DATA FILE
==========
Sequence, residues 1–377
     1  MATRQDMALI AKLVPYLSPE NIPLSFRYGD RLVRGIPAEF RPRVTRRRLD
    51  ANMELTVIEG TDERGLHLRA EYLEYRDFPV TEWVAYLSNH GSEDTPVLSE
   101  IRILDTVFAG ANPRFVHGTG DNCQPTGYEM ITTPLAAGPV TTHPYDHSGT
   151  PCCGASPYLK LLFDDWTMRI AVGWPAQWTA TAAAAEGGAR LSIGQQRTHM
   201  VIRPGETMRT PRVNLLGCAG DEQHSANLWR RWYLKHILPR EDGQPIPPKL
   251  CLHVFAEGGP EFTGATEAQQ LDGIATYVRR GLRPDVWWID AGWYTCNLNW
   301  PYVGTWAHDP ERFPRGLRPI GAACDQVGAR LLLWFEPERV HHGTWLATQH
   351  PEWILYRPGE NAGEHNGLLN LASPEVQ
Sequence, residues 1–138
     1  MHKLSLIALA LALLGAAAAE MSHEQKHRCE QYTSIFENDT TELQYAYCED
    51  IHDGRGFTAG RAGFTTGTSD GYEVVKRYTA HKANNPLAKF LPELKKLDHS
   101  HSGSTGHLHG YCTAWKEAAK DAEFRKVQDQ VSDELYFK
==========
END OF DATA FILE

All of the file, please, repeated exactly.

Sequence, residues 1–377
     1  MATRQDMALI AKLVPYLSPE NIPLSFRYGD RLVRGIPAEF RPRVTRRRLD
    51  ANMELTVIEG TDERGLHLRA EYLEYRDFPV TEWVAYLSNH GSEDTPVLSE
   101  IRILDTVFAG ANPRFVHGTG DNCQPTGYEM ITTPLAAGPV TTHPYDHSGT
   151  PCCGASPYLK LLFDDWTMRI AVGWPAQWTA TAAAAEGGAR LSIGQQRTHM
   201  VIRPGETMRT PRVNLLGCAG DEQHSANLWR RWYLKHILPR EDGQPIPPKL
   251  CLHVFAEGGP EFTGATEAQQ LDGIATYVRR GLRPDVWWID AGWYTCNLNW
   301  PYVGTWAHDP ERFPRGLRPI GAACDQVGAR LLLWFEPERV HHGTWLATQH
   351  PEWILYRPGE NAGEHNGLLN LASPEVQ
Sequence, residues 1–138
     1  MHKLSLIALA LALLGAAAAE MSHEQKHRCE QYTSIFENDT TELQYAYCED
    51  IHDGRGFTAG RAGFTTGTSD GYEVVKRYTA HKANNPLAKF LPELKKLDHS
   101  HSGSTGHLHG YCTAWKEAAK DAEFRKVQDQ VSDELYFK